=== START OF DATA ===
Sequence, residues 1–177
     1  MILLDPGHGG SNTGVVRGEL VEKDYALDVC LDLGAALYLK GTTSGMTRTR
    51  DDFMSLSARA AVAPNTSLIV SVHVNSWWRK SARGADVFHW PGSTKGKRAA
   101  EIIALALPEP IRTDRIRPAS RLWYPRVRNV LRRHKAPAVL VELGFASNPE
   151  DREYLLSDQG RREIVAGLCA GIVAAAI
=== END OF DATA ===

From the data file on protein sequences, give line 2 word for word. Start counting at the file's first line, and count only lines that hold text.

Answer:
     1  MILLDPGHGG SNTGVVRGEL VEKDYALDVC LDLGAALYLK GTTSGMTRTR